Nigeria’s Efficiency Unit

Introducing Nigeria’s Efficiency Unit


Based on the initiative of the Honourable Minster of Finance, Nigeria now has an Efficiency Unit (Unit) as a dedicated office in Nigeria under the Federal Ministry of Finance. The formal inauguration of the Steering Committee of the
Efficiency Unit was held on November 30, 2015.


In broad terms, the Mandate of the Unit is to review the Expenditure profile and pattern of the Federal Government and work with Ministries, Departments and Agencies (MDAs) to introduce more efficient processes and procedures that will ensure that the Government’s revenues are deployed in an efficient manner that translates to Value for Money and Savings to Government. This initiative will complement on-going efforts by the Government to diversify its revenue sources.

The activities of the Unit will be supervised by a Steering Committee which is composed of distinguished Nigerians from the public and private sectors. The Steering Committee is chaired by the Honourable Minister of Finance. Other members of the Committee are:

  • The Head of Civil Service of the Federation
  • The Auditor-General of the Federation
  • The Accountant General of the Federation
  • Alh. Kabir A. Mohammed – Past President, Institute of Chartered Accountants of Nigeria
  • Mr. Kunle Elebute – Partner and Head, Advisory Services KPMG
  • Mr. Seyi Kumapayi – Chief Financial Officer, Access Bank Plc
  • Mr. Adebanji Adeniyi – Chief Financial Officer, Guaranty Trust Bank Plc
  • Ms Patience Oniha – Head of the Efficiency Unit

The creation of an Efficiency Unit as a public sector reform initiative has the following unique benefits for Nigeria:

  • It is a tool that is internal to the Government thereby saving costs, providinglearning opportunities for Government and resulting in long term benefits.
  • It is participatory (the MDAs are involved) rather than top-down which makesacceptance and the institutionalization of a culture of efficiency easier.
  • It has the potential for introducing other reforms in the public sector for publicgood.


There are several reasons why an Efficiency Unit has become imperative for Nigeria.
Some derive from the structure of the Nigerian economy while others relate to Nigeria’s spending patterns and processes over the years. Amongst the reasons are:

  • Nigeria’s dependence on crude oil for foreign exchange and revenue which has made the Nigerian economy vulnerable to shocks in the international oil markets. The impact of the recent collapse in crude oil prices on Nigeria’s External Reserves, the Naira Exchange Rate and Revenues are testament to the urgent need to review the manner in which increasingly limited Government revenues are spent.
  • The disproportionate share of Recurrent Expenditure to Capital Expenditure which has constrained the development of infrastructure. Such spending pattern that is biased against spending on capital projects is inimical to growth and development.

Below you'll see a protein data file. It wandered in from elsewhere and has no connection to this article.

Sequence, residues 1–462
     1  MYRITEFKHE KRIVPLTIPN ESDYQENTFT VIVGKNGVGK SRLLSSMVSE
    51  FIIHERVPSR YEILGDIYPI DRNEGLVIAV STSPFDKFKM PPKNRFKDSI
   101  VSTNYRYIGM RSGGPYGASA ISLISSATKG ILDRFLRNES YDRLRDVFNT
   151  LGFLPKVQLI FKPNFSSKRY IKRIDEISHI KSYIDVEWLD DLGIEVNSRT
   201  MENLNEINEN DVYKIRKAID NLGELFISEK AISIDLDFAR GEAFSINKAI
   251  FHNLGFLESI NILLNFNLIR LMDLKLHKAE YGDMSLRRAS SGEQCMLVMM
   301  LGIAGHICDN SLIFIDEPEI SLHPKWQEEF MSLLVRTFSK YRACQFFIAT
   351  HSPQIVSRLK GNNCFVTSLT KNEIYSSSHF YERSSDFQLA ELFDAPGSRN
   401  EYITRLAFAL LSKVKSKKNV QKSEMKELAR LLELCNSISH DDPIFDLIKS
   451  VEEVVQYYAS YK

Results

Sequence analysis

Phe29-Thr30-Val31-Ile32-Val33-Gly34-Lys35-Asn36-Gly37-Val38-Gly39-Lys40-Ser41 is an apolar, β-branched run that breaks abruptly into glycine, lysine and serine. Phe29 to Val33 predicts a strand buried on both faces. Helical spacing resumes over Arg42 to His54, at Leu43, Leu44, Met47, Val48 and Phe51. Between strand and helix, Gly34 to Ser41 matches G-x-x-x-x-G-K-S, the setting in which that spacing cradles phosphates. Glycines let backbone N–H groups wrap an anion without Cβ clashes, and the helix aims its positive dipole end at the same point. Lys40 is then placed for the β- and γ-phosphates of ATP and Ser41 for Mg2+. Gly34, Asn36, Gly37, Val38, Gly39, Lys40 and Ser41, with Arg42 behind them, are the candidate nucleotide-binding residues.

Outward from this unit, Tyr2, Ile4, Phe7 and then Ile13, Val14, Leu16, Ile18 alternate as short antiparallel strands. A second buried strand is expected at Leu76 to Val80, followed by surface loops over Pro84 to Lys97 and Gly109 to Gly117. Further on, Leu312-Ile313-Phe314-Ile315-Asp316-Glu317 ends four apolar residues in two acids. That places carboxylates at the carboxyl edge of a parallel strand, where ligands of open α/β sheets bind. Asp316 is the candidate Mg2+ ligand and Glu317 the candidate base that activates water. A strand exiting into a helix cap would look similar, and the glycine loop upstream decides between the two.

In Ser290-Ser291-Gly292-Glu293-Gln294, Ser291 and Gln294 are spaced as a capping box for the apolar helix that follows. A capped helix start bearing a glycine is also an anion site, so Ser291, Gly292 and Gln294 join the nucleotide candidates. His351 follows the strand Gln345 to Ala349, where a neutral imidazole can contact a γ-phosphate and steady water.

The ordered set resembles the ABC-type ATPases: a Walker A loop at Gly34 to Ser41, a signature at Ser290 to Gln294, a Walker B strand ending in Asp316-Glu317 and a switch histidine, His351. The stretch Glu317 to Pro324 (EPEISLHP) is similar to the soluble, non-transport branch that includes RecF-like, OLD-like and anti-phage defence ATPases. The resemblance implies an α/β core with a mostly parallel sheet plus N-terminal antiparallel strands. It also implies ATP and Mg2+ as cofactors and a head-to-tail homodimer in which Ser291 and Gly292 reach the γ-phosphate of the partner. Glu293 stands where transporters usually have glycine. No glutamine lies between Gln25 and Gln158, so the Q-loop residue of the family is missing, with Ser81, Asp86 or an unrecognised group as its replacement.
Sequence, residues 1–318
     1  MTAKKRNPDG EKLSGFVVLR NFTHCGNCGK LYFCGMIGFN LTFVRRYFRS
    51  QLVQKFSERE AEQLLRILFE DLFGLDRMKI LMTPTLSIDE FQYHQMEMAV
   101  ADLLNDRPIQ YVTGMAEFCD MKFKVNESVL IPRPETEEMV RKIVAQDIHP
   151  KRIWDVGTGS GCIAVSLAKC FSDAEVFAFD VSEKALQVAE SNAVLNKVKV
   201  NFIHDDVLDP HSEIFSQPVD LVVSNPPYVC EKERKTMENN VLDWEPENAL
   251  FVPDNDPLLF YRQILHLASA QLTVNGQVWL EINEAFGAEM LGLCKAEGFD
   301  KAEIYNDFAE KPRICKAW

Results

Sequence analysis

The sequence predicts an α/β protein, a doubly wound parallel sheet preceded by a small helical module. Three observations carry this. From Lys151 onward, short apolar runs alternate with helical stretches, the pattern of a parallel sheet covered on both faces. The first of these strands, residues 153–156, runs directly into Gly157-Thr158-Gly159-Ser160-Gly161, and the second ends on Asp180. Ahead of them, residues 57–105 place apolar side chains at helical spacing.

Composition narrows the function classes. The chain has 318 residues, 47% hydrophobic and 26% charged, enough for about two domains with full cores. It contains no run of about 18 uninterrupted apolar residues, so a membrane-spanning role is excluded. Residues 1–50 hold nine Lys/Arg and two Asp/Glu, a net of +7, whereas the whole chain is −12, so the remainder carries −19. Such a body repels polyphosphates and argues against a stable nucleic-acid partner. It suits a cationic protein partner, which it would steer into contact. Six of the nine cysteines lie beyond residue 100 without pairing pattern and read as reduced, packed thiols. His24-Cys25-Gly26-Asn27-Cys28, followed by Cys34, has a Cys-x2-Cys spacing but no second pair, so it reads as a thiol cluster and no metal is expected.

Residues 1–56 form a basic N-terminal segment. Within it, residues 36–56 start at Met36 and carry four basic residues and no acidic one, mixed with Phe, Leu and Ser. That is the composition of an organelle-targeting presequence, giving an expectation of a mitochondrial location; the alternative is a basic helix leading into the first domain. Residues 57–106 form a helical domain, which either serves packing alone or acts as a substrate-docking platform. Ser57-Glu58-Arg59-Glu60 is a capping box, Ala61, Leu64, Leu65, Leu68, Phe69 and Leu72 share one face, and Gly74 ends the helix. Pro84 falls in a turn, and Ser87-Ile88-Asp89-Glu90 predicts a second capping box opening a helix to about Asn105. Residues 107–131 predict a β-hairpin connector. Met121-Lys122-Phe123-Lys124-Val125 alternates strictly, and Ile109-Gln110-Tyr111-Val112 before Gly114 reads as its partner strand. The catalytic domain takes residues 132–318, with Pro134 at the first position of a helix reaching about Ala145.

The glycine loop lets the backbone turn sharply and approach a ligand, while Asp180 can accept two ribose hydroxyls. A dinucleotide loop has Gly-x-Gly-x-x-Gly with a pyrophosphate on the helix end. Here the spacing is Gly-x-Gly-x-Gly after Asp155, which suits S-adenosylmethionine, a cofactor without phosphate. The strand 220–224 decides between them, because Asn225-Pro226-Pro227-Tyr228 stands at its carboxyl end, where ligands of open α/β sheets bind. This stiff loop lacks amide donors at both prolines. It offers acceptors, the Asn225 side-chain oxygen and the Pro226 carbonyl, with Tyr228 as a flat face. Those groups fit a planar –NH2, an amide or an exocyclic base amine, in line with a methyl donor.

• The work and procurement processes as well as, practices in the public sector which inherently promote or support wastage and inefficiency.

Overall, the need to ensure that Government’s resources are used in the most efficient manner so that citizens get value for money and that more funds are available for capital projects (such as infrastructure) has never been greater. The Cost Savings activities of the Efficiency Unit is a key reform initiative towards achieving this objective.

The creation of an Efficiency Unit is the first time that the Government is taking a bold initiative to zoom in on its Expenditure with a view to eliminating waste and inefficiencies.

Efficiency Units in countries such as Hong Kong, United Kingdom, Canada and Ireland have been used to achieve these two objectives successfully. Furthermore, in some countries, Efficiency Units have propelled bigger and long term reforms in the public sector.


The Efficiency Unit will execute its mandate in a number of ways:

  • Reviewing the Government’s spending pattern using data from the Budget Implementation Report and other sources. Thereafter, it would work closely with the MDAs to review work and procurement processes for specific Expenditure lines and agree changes or process improvements to reduce wastages and make savings. The achievements (savings) from the implementation of such changes or process improvements will be published. This would be a continuous process.
  • Identifying and migrating best practices in the public sector spending patterns and processes of other countries to Nigeria.
  • Promoting a change in the culture of public spending by MDAs to one of prudence and savings.


Since the inauguration on November 30, 2015, the activities of the Unit are as follows:

  • Office space and initial staffing to kick-start the Unit are in place.
  • Initial public sensitization has been undertaken through the print and electronic media. A more detailed programme to create more public awareness for a number of stakeholder groups (press, civil society organizations and government contractors) and importantly, engage the MDAs is being finalized. Implementation will start in January 2016.
  • Available Data on Government Overhead spending for 2012, 2013 and 2014 are being reviewed for pattern, trend and potential areas of savings. From this exercise the actions required for cost savings such as aggregating demand to secure price discounts from government contractors (suppliers), publication of Price Guidelines and Benchmarking of MDAs will be identified and implemented.This aspect of the Efficiency Unit’s mandate is the initial focus as it offers the opportunity for Quick Wins and large savings. In executing it’s Mandate, the Unit expects to collaborate with government institutions whose responsibilities have a bearing with those of the Unit.

Efficiency Unit
Federal Ministry of Finance
January 11, 2016